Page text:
(b) Anorexia nervosa: In other conditions of gross malnutrition hypertrichosis may occur. Hypertrichosis is reported in 20 to 77% of adults having anorexia nervosa.[6]

(c) AIDS: Besides trichomegaly of eyelashes, a more generalized form of hypertrichosis has been observed in patients with AIDS.[7]

(5) latrogenic: Drugs can cause hypertrichosis by various mechanisms. Drugs causing hypertrichosis are listed in [Table - 2].

Phenytoin may produce hypertrichosis after 2 to 3 months of use.[8] It may be associated with acne and gingival hyperplasia. Hair growth resolves within one year of discontinuation in most children. Acetazolamide used for treatment of glaucoma, causes hypertrichosis in children, mainly on the back and legs. Hypertrichosis develops in 60% of patients taking cyclosporin A within the first 6 months of therapy. Besides sebaceous hyperplasia in 10% and acne in 15% cases occur. Frequency of hypertrichosis in patients taking cyclosporin for organ transplantation varies from 24% to 94%. Vasodilator diazoxide causes hypertrichosis in 50% to 100% of children but only in 10% of adults.[11] Psoralens cause temporary hypertrichosis in light exposed areas. Oral and infrequently topical minoxidil causes hypertrichosis primarily on the face and extremities. Topical drug may cause generalized hypertrichosis resulting from absorption.[12] Penicillamine causes lengthening and coarsening of the hair on the trunk and the limbs. Streptomycin causes hypertrichosis in children being treated for tuberculosis. Cortisone may induce hypertrichosis, after prolonged administration. It is most marked on the forehead, the temples and sides of the cheeks but also on the back and extensors of the limbs.


   Congenital localized hypertrichosis: Top


(1) Nevoid

(a) Melanocytic nevi: They may be accompanied by a vigorous growth of coarse hair and become more pigmented in adolescence. In giant congenital melanocytic nevi, there is a significant risk of malignant change.

(b) Becker's nevus: It rarely presents congenitally. Usually it is an acquired lesion. It presents as a localized area of hyperpigmentation and hypertrichosis.

(c) Lumbosacral hypertrichosis: It is localized to the sacral midline. Often it indicates underlying spinal dysraphism such as a dermal cyst or a sinus, myelomeningocele, vertebral abnormalities and subdural or extradural lipoma.[13]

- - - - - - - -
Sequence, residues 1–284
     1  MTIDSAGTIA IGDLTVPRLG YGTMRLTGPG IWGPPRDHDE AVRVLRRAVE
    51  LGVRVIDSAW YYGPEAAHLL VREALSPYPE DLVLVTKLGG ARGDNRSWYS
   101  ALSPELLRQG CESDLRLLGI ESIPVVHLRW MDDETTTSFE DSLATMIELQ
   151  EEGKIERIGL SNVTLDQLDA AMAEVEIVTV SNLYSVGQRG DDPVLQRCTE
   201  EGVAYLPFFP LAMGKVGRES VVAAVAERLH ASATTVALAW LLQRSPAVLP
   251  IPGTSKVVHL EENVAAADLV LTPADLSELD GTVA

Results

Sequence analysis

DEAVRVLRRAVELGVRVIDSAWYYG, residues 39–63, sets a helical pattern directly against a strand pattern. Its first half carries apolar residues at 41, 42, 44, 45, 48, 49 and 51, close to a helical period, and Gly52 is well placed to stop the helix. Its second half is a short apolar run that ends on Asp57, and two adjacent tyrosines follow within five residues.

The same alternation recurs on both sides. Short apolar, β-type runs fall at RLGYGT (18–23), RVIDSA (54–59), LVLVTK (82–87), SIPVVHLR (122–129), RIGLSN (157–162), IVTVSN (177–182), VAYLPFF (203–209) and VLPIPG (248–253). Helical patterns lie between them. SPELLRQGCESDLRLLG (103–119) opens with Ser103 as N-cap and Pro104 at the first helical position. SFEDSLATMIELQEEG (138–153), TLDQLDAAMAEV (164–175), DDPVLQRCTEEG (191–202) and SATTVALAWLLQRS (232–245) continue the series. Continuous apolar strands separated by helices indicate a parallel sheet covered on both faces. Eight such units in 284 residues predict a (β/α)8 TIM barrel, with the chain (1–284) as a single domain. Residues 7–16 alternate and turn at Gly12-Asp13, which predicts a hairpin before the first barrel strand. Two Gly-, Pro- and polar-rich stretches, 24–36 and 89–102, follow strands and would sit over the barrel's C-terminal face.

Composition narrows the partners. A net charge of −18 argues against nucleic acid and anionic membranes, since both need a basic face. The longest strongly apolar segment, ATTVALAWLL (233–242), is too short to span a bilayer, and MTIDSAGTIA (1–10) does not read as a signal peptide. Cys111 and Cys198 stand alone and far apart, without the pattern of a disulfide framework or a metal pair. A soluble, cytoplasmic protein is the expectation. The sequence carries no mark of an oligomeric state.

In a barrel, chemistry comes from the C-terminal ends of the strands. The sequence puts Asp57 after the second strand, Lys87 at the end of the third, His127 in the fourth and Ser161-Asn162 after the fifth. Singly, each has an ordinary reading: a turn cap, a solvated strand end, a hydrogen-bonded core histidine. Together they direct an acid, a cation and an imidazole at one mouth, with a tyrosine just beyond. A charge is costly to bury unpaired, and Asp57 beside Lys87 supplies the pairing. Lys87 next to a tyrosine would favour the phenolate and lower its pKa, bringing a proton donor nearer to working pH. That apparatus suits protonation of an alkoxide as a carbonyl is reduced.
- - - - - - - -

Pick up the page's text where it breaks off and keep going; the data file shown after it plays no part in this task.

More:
(2) Porphyria - Congenital erythropoietic porphyria manifests by extreme photosensitivity, causing vesiculobullous lesions on sun exposed areas, followed by hyperpigmentation, scarring and hypertrichosis. Same may occur in erythropoietic protoporphyria.


   Acquired localized hypertrichosis: Top


(a) Becker's nevus: Circumscribed hypertrichosis is seen more commonly at puberty or adolescence as irregular hypermelanotic patch. Increased hair growth, on the shoulder, anterior chest or scapular region. Coarse hairs appear within the lesion. There may be ipsilateral hypoplasia of the shoulder girdle, arm or breast and other vertebral abnormalities associated with Becker's nevus.[14]

(b) Porphyria cutanea tarda: Hypertrichosis is seen in approximately 60% of patients with porphyria cutanea tarda,[15] particularly in the temple areas. It may present on the face and upper trunk.

(c) Trauma: Circumscribed hypertrichosis has been observed following repeated friction as on the shoulders of sack bearers or sites of habitual biting in patients with mental retardation.

(d) Infection and inflammation: Areas overlying thrombophlebitis or chronic osteomyelitis, or vaccination sites may develop hypertrichosis.


   Management: Top


It is to be constantly remembered that overgrowth of hair may represent an underlying medical problem or may have an external cause, viz, trauma or a drug. Removal of that cause can resolve the condition.

When hypertrichosis is a cosmetic and psychological problem, it should be treated. Even if hairiness is considered within the range of normal, treatment must be offered if insisted upon. A wide variety of treatment modalities are available. They vary in permanence, convenience and expense. Individual patient's preference plays an important part in selecting the therapy.